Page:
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CASES IN SUPPLY CHAIN ANALYTICS

(BMGT44530)
MEMO 1: GLOBAL PHARMA,
MANAGING UNCERTAINITY
STUDENT NAME: SHAILESH
PANIGRAHY
STUDENT NUMBER: 14200021
SUBMITTED ON 01 MARCH 2015

INTRODUCTION
Global Pharma, manufacturer of Active Pharmaceutical Ingredients (APIs),
generics and pharmaceutical services is headquartered in Hyderabad the
pharmaceutical hub of India (Felker, Greg; Chaudhuri, Shekhar; Gyrgy, Katalin
(1997))1. The $2 million company exports its products manufactured in 20

different plants located throughout India to 40 different countries. Global


Pharma is a very small player in the $11 billion Indian pharma industry.
INDUSTRY BACKGROUND
The Indian Pharmaceutical Industry has seen tremendous growth since the
late 2000s , it the third largest pharmaceutical industry in the world in terms
of volume (Ramsurya,MV) 2. Earlier on the Indian government had imposed a
16% tax on the selling price of the medicines instead of the ex-factory price.
This resulted in the pharma companies shifting their production to tax-free
states of India. The tax free states lacked strong transport and industrial
facilities. Later on the government reduced taxes to 8% and subsequently
4%, this propelled growth and pharma companies moved to sites with
excellent transport and manufacturing facilities. Hyderabad turned out to be
the pharmaceutical hub of the country. The top 10 pharma manufacturers
have their head office and manufacturing facility located at Hyderabad.
Further, compliance with World Trade Organization (WTO)'s Agreement on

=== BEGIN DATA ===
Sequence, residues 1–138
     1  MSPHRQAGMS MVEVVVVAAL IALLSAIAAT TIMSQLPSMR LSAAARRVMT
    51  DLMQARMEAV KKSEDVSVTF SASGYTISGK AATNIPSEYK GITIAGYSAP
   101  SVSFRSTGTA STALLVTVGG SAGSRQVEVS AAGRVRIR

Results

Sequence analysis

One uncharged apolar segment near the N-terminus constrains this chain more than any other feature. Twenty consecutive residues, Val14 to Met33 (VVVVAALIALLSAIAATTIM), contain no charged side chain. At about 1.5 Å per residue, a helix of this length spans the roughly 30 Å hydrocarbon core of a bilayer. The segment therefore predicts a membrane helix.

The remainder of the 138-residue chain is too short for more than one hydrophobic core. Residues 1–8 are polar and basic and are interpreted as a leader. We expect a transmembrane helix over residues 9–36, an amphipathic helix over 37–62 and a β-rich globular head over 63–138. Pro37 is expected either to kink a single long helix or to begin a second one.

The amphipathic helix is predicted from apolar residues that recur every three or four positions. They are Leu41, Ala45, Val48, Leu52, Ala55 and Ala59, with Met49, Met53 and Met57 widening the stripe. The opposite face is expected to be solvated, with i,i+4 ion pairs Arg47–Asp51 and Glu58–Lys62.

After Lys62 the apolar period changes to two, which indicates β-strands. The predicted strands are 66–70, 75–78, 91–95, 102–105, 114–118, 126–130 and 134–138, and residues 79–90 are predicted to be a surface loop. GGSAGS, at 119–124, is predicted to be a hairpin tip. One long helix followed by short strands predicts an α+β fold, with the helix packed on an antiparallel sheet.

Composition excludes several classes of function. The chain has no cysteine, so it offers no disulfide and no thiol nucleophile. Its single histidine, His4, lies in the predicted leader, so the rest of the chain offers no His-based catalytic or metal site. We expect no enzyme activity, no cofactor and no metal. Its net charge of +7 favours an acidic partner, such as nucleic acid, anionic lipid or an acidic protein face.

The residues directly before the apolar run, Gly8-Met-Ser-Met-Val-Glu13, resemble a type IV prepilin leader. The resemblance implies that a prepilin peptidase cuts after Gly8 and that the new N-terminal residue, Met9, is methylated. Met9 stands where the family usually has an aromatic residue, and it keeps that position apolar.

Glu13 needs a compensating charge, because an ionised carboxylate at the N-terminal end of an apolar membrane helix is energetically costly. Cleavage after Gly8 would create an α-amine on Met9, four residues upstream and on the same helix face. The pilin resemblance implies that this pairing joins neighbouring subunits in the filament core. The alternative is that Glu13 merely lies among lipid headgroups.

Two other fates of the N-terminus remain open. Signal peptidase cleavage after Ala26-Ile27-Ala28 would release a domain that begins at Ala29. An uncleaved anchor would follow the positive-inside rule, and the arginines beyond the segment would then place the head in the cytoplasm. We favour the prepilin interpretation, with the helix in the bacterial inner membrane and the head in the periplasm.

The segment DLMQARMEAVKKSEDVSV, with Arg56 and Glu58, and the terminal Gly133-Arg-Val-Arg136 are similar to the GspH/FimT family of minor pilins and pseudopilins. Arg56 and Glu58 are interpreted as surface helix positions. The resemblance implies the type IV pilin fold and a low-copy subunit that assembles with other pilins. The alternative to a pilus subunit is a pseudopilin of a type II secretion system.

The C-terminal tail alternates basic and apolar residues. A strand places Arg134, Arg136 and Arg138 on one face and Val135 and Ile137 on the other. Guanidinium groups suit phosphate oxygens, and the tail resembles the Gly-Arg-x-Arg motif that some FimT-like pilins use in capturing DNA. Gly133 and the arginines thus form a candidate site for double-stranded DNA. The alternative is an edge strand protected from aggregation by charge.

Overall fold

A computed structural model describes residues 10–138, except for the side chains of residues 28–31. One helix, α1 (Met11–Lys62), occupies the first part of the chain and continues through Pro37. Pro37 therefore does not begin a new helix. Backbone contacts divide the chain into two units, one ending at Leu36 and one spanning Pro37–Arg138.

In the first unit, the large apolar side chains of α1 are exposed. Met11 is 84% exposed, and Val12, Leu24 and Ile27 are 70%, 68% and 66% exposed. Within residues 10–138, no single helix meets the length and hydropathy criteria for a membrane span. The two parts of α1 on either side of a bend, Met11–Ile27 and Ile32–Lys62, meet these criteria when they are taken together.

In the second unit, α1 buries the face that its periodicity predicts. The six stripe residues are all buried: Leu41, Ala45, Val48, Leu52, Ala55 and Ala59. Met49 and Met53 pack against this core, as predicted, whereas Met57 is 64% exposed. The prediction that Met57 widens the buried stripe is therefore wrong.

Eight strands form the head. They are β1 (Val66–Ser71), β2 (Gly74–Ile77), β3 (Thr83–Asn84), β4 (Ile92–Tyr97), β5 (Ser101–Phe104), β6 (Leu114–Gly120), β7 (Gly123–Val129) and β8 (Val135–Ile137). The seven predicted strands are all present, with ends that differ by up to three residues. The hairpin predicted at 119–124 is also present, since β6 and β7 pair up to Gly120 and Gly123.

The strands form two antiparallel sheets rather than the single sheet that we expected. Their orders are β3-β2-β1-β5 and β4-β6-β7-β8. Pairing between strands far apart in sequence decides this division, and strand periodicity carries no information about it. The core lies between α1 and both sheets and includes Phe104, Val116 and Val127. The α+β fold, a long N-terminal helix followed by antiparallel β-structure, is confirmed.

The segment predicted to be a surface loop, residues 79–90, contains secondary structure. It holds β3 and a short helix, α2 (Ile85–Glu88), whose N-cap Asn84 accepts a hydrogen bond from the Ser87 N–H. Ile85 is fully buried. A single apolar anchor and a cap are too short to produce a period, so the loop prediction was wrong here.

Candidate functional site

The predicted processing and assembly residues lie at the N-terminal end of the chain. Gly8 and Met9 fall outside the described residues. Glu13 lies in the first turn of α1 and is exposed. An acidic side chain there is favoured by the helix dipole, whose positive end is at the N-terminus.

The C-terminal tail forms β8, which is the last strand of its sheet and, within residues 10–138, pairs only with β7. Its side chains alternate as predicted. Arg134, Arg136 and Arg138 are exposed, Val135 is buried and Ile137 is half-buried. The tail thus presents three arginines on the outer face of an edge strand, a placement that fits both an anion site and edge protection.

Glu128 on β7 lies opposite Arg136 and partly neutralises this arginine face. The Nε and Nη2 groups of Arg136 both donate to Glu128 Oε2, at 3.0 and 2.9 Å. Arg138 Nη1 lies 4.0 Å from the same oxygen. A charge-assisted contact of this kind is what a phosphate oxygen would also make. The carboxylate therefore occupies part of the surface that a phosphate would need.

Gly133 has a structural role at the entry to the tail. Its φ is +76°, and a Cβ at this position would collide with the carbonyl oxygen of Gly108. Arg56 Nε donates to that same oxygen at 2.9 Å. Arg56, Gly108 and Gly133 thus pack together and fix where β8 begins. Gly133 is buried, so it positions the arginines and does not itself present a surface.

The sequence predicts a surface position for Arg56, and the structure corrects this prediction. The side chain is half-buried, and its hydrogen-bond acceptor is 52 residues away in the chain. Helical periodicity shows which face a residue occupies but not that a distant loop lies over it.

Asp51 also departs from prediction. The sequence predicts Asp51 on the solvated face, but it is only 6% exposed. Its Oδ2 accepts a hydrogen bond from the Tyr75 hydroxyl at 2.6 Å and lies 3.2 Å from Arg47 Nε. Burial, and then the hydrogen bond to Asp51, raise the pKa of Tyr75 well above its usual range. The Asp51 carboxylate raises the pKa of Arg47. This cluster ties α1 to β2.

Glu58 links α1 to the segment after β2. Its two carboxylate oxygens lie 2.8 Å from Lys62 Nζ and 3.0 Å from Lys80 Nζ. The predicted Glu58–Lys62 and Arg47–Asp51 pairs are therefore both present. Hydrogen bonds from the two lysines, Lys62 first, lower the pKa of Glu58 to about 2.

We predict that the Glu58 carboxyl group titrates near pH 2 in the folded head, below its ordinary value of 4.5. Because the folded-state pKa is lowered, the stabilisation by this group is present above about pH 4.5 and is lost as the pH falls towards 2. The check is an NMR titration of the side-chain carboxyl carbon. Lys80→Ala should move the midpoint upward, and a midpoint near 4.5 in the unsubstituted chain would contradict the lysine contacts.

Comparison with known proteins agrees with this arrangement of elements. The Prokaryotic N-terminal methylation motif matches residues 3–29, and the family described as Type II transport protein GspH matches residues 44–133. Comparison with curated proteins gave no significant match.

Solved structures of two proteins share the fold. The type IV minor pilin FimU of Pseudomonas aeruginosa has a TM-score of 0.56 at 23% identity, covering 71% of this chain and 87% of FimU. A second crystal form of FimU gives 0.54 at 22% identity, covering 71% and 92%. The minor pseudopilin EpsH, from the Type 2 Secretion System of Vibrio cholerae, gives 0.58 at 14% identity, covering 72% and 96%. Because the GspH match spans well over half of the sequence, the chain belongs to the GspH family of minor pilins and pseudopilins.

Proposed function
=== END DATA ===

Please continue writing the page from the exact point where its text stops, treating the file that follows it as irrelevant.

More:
Trade Related Aspects of Intellectual Property Rights (TRIPS) has precipitated
the growth of the pharma industry in India.

1 Felker, Greg; Chaudhuri, Shekhar; Gyrgy, Katalin (1997). The pharmaceutical


industry in India and Hungary. World Bank Publications. pp. 910. ISSN 0253-7494.
2 Ramsurya,MV. (2010). Pharma, engineering to topple IT as big paymaster.
Available: http://articles.economictimes.indiatimes.com/2010-0608/news/28423319_1_salary-hikes-manufacturing-sector-survey. Last accessed 1st
March 2015

The number of domestic pharma companies is lower when compared to the


large multinational companies. These companies started investing in India to
benefit on cheap and skilled labor. Hence, as a result the exports involved in
this sector have seen a drastic growth. The increase in volume from the nonurban markets has also helped in the growth of the small and medium
enterprises (SMEs) in the pharma industry. Development in public health
sector and the higher demand for low cost quality drugs could be achieved
mainly by the growth of the smaller industries.
GLOBAL VALUE CHAIN
The Global value chain of the Indian pharmaceutical industry are broadly
classified into two categories:
API manufacturers who produce the basic ingredients used in medicine and
supply the same to the larger or end manufacturers and finished form
manufacturers who carry out the major research and development and
combine the APIs involved to produce the final product to be sold to the end
consumer. Logistics of pharmaceuticals items also plays an important role in
the price determination, as the products are time bound. Further, several